Friday, April 20, 2007

Will the Last Person Leaving

The Times reports that five hundred Britons are leaving the UK every day to live in the sun or find work abroad, according to the Office of National Statistics. A record 380,000 people left the country in 2005. More than half were British citizens leaving for more than a year. The top destinations are Australia, Spain, France and New Zealand.

Meanwhile 565,000 people arrived, (immigration has pushed up the British population by nearly one and half million in a decade) slightly down on the previous year, so the overall population rose by 185,000. Most came to work or study. According to the ONS, it is estimated that more than 100,000 new homes each year will be needed for the newcomers. Similar pressures are building on the Health Service, social services, transport and policing.

One in five Britons moving abroad headed for Australia. Large numbers also emigrated to Spain, where there is an established expatriate retirement community. Canada and South Africa are also very popular.

A point made in an earlier report was that we are now seeing an acceleration of the old "brain drain" effect, in that those emigrating are several times more likely to be more highly educated and skilled than those arriving to find work. As an example, very little Research & Development is now done by large international companies in the UK and so if your'e in this field, you are probably reading this on the West coast of the United States or the Pacific Rim. An old friend of mine now working for a US technology company, tells me that he's only staying in the UK because he doesn't want to take his children out of school and I've heard the same story from several people of my age.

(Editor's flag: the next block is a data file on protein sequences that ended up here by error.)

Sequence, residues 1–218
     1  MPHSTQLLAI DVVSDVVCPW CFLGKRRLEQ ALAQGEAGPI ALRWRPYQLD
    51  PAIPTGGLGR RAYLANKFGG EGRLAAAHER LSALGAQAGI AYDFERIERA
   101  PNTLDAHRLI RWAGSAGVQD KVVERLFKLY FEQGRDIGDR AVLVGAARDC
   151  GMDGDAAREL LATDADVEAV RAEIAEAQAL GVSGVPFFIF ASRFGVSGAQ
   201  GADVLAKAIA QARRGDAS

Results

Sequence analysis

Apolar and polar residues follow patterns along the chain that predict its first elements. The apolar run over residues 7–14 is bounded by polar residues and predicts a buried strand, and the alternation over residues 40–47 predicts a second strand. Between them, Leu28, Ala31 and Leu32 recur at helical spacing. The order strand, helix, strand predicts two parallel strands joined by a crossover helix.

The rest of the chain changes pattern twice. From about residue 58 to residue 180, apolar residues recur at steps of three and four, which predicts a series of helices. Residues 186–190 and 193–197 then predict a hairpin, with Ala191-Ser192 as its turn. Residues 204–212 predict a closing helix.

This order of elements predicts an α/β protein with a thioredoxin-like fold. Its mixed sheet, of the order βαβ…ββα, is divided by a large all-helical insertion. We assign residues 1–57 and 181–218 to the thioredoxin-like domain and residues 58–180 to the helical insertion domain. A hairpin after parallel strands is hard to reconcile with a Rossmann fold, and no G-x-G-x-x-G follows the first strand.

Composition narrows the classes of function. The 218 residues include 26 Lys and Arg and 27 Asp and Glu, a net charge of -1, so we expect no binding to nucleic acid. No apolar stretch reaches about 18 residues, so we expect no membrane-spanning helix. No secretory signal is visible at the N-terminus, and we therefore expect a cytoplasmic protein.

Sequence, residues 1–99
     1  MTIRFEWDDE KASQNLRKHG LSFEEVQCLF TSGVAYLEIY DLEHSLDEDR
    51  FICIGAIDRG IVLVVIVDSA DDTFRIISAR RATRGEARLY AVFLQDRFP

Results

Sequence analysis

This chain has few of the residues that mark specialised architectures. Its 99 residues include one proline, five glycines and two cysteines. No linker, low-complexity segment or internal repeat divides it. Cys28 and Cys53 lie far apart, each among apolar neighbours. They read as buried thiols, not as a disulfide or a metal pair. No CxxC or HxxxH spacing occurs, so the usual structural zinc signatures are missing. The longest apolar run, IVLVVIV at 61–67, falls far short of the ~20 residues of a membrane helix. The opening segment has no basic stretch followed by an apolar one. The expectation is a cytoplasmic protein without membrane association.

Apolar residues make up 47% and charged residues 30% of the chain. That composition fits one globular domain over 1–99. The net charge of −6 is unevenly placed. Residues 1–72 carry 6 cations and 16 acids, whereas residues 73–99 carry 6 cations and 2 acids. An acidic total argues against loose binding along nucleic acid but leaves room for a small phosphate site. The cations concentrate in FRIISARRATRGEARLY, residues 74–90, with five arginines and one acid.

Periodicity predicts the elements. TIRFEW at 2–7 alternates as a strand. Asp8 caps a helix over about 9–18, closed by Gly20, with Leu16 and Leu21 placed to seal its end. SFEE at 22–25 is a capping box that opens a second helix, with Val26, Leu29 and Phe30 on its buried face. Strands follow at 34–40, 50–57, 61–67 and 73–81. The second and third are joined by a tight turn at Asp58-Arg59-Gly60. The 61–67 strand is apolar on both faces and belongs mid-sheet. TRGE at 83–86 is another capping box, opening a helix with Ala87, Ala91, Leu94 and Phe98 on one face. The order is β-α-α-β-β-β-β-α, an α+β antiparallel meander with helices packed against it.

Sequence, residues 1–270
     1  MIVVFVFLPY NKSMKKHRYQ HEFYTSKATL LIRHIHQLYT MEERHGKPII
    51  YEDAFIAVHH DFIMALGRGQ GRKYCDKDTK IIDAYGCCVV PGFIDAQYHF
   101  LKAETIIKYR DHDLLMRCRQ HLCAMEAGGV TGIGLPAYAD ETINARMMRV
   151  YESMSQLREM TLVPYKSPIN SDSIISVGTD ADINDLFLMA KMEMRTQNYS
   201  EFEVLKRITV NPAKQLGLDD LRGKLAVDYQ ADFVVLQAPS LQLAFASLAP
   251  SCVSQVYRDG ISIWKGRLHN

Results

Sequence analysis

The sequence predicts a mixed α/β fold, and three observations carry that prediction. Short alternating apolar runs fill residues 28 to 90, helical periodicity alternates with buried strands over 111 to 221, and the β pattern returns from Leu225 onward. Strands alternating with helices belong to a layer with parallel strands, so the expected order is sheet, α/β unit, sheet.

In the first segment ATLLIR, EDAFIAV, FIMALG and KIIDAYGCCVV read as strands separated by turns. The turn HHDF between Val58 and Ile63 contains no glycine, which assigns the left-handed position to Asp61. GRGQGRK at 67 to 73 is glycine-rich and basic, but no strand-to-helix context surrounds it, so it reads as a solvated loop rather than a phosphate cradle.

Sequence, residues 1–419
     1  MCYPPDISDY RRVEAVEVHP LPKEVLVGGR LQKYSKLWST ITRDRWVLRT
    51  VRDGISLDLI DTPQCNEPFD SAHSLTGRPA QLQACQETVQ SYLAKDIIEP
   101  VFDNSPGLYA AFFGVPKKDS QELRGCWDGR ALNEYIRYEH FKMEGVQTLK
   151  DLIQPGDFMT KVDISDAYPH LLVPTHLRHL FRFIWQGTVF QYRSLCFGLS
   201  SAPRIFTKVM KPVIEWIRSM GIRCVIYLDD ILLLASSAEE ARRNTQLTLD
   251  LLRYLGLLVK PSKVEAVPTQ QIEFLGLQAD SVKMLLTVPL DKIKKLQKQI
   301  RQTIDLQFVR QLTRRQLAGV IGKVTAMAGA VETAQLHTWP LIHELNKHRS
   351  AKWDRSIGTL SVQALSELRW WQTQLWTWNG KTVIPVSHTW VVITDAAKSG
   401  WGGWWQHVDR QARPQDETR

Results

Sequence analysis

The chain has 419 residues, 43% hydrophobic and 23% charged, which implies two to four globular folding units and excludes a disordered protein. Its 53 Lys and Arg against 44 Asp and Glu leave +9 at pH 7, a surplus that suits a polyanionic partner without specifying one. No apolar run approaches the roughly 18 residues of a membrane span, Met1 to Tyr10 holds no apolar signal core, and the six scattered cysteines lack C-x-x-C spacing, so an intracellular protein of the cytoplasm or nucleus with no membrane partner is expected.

Emigration on this level is now a source of real concern for the future of the UK economy, which has focused on attracting "cheap" labour, rather than skilling the workforce to compete in the 21st century. More interestingly perhaps, it also shows that the middle classes are fed-up with the mess they see around them and many are starting to vote with their feet.

17 comments:

Doctor Doom said...

Some worrying statistics there, Simon, which the vociferous Little Englander element among your readership would do well to take note of.

A snap-shot figure for one year, 2005, may or may not be indicative, but let’s toy with those figures a moment.